Reviews Coming Soon

Album Review: TBA

Wednesday, August 12, 2015

Album Review: Yellowtooth – Crushed By The Wheels Of Progress

For their second stab at a long-player, Indiana’s Yellowtooth have decided to get heavy. With Year Of Desolation’s John Hehman twiddling the knobs, together they’ve produced an eminently raw-sounding recording and with it a whole world of pain. Yep, the proverbial nut gets the full sledgehammer treatment here.

Opening with a cut from a particularly vicious line from the 2003 movie Open Range, Crushed By The Wheels Of Progress sets it’s stall out early with snarling vocals spewing hate-filled lyrics. It all lies beneath a wall of the filthiest riff sludge and butt-clenching drum thunder heard since the murderous crush spewed out by the likes of Crowbar or High On Fire. With its swampy wash, Southern-tinged slowly dying open chords and thrash affectations it’s like listening to the gnarliest of Orange Goblin songs getting tortured into submission by the concrete fists of Snailking or the sonic blitzkrieg of Sepultura.

Having been beaten into a corner by the initial choking swathe of aggression and primitive lyricism, the maddeningly obtuse song construction struggles to extract the listener without walking itself down strange blind alleys. Take “Season’s End”. It contains no end of dropouts, kicks into double-time and oblique switches in key – it’s the aural equivalent of riding a three-legged horse that keeps falling over.

The eight-minute title-track builds up a pretty solid groove with a gritty chorus and digs out a sweet riff to sit alongside it. The guitar scrawl eventually picks up gifting us with a high degree of mania to wedge behind the acid-gargling vocal roar of Peter Clemens. Ramp up the volume on this beast if you want to really piss off those neighbours. Dig in further and they begin to hit a particularly evil streak as they rip into death metal territory with the deliciously dark “Spiral Stairs” inviting the headbangers to the party and the agonisingly base attack of “Before I Return To Dust” pulling the teeth straight from their Bay Area and Brazilian peers.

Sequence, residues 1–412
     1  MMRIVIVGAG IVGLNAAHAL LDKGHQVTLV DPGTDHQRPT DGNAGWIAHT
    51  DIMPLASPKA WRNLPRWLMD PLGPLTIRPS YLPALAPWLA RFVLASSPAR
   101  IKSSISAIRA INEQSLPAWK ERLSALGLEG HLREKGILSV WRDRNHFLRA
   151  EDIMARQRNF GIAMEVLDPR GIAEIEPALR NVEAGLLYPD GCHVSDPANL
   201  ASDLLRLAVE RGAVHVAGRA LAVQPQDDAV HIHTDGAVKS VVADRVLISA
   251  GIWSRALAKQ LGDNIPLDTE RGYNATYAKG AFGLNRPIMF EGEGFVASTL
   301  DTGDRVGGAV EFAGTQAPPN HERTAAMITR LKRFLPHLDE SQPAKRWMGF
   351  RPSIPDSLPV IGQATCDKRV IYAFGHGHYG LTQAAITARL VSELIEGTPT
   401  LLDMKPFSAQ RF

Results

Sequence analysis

Yep, I bet they had a ball writing and recording this monstrous album, but sadly the end result isn’t pretty. Cast adrift somewhere between kicking the shit out of the stoner metal fringe and ramming deathly metal down the throats of the bad-ass rock n’ roll brigade, Yellowtooth will struggle to make friends with this. It’s fit to burst with macho angst and is ripped with nasty guitar lines but there’s very little that actually sticks in the memory banks. Yep, that sledgehammer did the trick, but I’m afraid that nut is dust.

Also online @ Ave Noctum =

Thursday, August 6, 2015

EP Review: The Bridesmaid – Grayson

Someone wiser than me once said “You can’t judge a book by its cover”. Ignoring such wise council, I find myself pre-judging the latest disc to land on my disc. Robert Høyem, who has also created art for bands like Sahg, Heksed and Kampfar, has conjured a really beautiful cover to accompany this EP from London-based instrumentalists The Bridesmaid. Picturing a religious figure lost deep in prayer it glows with an eerie presence. Mimicking the effect of woodcut art, his subject matter is all very suggestive of something spiritually ominous, possibly with black metal overtones lurking within and, if not that, then certainly music with an extreme, penetrative construct. The reality is a propulsive sound that, at times, dips its toes into emotionally soothing waters.

The track-titles suggest connections to the names of explorers of continents, rivers and even outer space. The tracks, however, struggle to marry up to my hypothetical concept (try the We Lost The Sea’s deeply-moving “A Gallant Gentleman” if you like the idea and require closure) so I realise I must stop. Diving back into Grayson then with an open mind then… Opener “Oates” crackles into life and slowly builds drawing on warm glossy tones, much like those that colour Skyharbor’s latest single “Evolution”, before releasing into “Ives” which heads deeper into the darker, choppier waters of other instrumental post-rockers like Russian Circles and Pelican. Here the yawning, melancholic backdrop stands in contrast to the driven groove which never quite allows it to get away or develop organically.

Happily, “Aldrin” does offer some evolving panic and heavy action before releasing into a sweet, repeating series of keyed strokes. Only here does it feel like any instrumental lead role is being taken to replace the absence of vocal colouring. The pattern of riffs visit several touch points and eloquently guide the listener along through a strong sequence of shoegaze and post-metal. “Ballack” follows suit in grinding out a darker path without ever quite finding its voice. And therein lies the problem with Grayson as a whole. It doesn’t engage or challenge the listener beyond those initial bursts.

Of course, I understand now why I felt a compulsion to create meaning within. Unguided, experiencing this EP felt like walking into a stranger’s room full of strange objects and even now, after the tenth play, it feels like a record without a mooring. It’s the lack of a lead element that has cast it adrift. Perhaps their future works will feature enough running time to invite true introspection and perhaps then a connection to the contents will follow more naturally.

Also online @ Ave Noctum =